Professor John W McAvoy

Sydney Medical Research Foundation Professor of Experimental Ophthalmology
Clinical Ophthalmology & Eye Health, Central Clinical School
Save Sight Institute

C09 - Sydney Eye Hospital
The University of Sydney
NSW 2006 Australia

T: +61 2 9382 7369
F: +61 2 9382 7318
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Biographical details

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Research interests

How a particular tissue or organ develops its characteristic size and three-dimensional cellular architecture is often a poorly understood part of its developmental program; yet, as is clearly the case for the eye lens, precise regulation of these features can be critical for function. During lens morphogenesis cells become organized into a polarized, spheroidal structure with a monolayer of epithelial cells overlying the apical tips of highly elongated fibre cells. Epithelial cells proliferate and progeny that shift below the lens equator differentiate into new fibres that become precisely aligned and oriented towards the poles of the lens as they progressively add to the fibre mass. Research in our laboratory has shown that FGF induces epithelial to fibre differentiation; however, it is not fully understood how the proliferation and differentiation compartments are regulated to ensure appropriate growth and at the same time maintain the highly ordered and polarized three-dimensional lens structure. In recent studies we have shown that planar cell polarity (PCP) operates in the lens and Wnt-Frizzled signalling plays a role in regulating the polarized cell behaviour that is critical for normal lens morphogenesis and growth. We believe that the lens will be a useful model system to study Wnt-Frizzled/PCP in general and gain insights into mechanisms that generate high-level cellular order during development.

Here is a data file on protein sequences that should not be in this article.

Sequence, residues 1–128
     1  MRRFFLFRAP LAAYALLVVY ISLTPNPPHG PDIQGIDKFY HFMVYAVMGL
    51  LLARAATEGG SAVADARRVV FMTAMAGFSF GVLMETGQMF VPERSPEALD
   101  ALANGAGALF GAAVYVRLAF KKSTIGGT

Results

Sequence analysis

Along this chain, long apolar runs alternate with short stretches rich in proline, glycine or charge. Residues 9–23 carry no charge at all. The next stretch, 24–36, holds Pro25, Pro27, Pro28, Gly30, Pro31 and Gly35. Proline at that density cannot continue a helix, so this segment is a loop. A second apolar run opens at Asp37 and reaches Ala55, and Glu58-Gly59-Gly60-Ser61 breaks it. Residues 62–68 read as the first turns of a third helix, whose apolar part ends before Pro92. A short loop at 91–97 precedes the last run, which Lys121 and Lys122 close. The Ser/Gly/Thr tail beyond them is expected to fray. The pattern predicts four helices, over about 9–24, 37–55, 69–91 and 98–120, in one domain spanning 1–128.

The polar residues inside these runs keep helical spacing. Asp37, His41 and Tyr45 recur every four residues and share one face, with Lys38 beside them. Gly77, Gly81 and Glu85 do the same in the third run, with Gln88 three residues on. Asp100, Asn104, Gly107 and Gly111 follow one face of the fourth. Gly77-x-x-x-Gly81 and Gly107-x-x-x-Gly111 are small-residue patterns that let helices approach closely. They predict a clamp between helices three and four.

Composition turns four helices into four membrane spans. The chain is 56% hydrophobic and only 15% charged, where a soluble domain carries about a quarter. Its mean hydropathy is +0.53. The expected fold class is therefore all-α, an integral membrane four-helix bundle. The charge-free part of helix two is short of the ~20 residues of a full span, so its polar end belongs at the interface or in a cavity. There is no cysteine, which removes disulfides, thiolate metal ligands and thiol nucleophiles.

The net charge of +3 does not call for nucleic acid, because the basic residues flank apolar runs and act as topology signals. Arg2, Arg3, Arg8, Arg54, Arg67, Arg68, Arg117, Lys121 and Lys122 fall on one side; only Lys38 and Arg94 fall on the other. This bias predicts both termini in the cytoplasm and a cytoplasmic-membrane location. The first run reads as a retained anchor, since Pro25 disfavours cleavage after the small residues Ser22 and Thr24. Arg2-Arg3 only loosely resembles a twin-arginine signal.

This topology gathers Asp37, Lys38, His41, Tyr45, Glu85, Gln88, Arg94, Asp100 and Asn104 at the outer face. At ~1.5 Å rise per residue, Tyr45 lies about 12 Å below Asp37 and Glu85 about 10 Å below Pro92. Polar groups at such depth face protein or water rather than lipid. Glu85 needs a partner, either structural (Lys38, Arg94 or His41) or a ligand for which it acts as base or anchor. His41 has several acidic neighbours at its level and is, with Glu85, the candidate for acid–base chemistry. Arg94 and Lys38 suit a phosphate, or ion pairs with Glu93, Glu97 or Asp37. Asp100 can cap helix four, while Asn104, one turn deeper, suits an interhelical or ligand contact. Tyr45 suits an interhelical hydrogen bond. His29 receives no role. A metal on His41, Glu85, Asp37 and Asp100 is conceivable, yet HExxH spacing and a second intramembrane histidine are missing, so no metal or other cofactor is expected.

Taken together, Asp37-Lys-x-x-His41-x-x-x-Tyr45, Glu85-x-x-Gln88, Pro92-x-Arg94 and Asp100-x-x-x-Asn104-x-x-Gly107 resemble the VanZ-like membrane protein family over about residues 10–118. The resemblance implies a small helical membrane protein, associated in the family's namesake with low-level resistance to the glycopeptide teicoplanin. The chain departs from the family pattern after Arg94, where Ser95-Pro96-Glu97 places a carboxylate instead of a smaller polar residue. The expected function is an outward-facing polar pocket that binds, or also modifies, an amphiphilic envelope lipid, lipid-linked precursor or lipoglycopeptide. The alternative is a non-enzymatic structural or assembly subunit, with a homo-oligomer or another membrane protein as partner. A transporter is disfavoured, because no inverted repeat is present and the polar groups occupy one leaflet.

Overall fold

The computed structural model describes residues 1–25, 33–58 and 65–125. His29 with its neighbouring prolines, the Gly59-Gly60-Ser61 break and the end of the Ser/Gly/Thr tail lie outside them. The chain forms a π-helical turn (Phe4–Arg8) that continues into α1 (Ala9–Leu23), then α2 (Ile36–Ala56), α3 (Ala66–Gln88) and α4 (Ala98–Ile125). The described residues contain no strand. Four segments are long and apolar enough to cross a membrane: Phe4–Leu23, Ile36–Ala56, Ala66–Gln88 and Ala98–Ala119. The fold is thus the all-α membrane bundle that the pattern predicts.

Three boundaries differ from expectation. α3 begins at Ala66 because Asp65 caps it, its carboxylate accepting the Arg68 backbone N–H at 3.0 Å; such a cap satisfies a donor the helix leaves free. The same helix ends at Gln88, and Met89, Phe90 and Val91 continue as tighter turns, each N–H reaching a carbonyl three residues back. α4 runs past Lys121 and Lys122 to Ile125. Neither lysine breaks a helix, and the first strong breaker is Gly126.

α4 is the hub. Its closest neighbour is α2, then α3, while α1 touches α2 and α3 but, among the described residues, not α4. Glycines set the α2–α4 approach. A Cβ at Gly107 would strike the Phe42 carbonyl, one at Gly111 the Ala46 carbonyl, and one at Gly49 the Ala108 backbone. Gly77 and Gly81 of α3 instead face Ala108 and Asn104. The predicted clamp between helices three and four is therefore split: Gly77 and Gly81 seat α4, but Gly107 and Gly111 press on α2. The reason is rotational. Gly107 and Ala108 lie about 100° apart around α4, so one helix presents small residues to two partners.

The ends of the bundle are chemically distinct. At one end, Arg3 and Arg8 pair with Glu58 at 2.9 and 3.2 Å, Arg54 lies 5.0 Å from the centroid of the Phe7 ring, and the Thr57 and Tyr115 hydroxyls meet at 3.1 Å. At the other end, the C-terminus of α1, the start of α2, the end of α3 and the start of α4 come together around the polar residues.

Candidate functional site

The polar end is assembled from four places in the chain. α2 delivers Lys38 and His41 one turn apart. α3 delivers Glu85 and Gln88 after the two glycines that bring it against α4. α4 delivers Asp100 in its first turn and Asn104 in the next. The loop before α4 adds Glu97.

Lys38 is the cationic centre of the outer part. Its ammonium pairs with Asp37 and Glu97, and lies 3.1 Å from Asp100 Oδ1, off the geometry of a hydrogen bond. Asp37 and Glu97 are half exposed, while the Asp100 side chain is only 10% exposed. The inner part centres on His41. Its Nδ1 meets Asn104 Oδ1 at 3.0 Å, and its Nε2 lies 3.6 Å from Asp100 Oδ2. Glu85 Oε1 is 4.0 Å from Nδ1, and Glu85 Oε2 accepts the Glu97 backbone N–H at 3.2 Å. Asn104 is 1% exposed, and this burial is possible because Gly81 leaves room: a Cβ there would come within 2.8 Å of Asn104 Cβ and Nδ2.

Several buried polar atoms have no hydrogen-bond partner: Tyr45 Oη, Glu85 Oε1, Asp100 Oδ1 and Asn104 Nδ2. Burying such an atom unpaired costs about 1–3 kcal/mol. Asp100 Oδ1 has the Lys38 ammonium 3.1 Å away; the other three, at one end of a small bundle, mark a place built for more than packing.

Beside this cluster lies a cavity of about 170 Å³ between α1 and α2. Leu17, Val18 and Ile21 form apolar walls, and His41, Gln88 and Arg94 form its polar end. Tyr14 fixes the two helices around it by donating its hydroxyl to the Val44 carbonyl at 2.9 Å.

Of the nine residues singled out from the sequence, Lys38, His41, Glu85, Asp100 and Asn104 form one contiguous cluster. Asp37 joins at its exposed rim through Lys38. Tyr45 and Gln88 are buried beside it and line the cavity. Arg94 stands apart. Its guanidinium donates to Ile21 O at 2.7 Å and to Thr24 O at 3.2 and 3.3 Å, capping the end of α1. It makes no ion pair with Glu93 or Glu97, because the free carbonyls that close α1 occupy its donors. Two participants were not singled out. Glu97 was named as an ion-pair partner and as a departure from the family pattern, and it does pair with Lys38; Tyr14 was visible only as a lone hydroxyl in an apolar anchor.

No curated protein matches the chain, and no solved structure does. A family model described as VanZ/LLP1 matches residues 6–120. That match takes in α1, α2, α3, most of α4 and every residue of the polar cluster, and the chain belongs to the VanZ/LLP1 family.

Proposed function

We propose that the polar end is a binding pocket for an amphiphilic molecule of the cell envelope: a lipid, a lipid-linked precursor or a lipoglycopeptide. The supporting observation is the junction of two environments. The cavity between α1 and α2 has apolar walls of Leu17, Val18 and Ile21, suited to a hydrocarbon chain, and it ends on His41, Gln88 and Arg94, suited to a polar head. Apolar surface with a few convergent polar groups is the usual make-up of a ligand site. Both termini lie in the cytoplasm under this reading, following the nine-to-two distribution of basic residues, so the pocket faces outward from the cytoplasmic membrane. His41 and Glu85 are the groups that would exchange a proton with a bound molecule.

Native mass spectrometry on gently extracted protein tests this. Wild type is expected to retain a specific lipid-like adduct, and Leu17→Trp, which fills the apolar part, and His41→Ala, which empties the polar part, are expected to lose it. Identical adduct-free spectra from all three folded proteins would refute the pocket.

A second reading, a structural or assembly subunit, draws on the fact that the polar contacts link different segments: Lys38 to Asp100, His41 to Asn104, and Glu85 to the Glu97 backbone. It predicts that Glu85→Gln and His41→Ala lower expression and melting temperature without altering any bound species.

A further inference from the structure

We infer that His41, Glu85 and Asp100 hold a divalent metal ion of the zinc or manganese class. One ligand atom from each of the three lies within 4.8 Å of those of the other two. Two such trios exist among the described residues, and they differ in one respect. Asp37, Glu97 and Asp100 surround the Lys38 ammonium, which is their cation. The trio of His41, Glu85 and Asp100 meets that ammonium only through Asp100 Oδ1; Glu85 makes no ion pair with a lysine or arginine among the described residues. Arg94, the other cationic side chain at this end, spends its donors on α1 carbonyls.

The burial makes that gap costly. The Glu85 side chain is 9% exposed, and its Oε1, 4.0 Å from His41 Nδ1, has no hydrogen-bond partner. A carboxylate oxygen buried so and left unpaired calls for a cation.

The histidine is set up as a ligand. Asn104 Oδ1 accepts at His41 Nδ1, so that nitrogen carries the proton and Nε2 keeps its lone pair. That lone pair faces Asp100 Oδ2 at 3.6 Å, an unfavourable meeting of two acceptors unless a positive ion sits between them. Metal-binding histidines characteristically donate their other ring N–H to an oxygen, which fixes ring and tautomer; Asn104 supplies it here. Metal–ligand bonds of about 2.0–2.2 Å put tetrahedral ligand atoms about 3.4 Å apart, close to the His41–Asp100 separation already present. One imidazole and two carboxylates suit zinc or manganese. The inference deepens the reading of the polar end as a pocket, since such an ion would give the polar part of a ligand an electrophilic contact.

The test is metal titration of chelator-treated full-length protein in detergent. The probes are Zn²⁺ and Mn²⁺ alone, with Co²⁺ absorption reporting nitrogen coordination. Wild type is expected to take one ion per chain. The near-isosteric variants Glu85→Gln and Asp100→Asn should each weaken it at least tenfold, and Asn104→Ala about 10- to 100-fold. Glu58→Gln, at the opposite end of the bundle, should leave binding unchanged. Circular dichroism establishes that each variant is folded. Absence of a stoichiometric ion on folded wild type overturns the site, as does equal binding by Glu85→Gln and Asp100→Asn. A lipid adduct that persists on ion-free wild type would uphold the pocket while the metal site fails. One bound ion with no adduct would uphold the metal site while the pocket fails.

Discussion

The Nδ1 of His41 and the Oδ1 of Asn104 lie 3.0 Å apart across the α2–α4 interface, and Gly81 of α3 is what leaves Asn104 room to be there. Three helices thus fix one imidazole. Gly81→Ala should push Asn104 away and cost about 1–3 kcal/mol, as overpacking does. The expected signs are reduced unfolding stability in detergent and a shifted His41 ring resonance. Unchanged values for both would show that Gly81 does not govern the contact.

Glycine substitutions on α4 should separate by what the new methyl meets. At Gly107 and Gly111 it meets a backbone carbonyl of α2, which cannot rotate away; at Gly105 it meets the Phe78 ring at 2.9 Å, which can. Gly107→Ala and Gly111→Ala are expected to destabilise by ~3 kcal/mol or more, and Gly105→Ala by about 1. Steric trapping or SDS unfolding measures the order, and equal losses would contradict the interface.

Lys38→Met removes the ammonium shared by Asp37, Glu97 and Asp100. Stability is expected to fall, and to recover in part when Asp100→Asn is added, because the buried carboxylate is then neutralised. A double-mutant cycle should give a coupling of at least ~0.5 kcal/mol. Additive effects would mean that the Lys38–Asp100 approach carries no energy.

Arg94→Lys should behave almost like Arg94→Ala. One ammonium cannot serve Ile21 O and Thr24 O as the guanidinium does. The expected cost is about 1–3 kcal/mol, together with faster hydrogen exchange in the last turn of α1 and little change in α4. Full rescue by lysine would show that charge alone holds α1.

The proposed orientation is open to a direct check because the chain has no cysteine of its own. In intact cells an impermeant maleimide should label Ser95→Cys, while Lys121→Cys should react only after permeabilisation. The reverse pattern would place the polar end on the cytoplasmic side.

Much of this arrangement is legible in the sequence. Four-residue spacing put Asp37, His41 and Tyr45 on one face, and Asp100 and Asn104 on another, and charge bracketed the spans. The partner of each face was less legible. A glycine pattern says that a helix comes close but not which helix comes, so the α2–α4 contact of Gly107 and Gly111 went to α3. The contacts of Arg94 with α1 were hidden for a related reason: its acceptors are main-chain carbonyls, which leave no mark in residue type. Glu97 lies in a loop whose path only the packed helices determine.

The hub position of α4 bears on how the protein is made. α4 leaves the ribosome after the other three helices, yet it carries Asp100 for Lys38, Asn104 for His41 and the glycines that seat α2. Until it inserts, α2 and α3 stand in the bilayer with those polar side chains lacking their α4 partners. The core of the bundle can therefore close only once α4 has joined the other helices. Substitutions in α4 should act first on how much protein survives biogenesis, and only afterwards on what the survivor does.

Current national competitive grants*

2012

Preventing Blindness: Blocking TGFß-induced EMT and Cataract Development
Lovicu F, McAvoy J
NHMRC Project Grants ($332,175 over 3 years)

2011

Lens differentiation and cataract: role of FGF and WNT
McAvoy J, Lovicu F
National Institutes of Health (USA) Research Grant ($817,243 over 4 years)

* Grants administered through the University of Sydney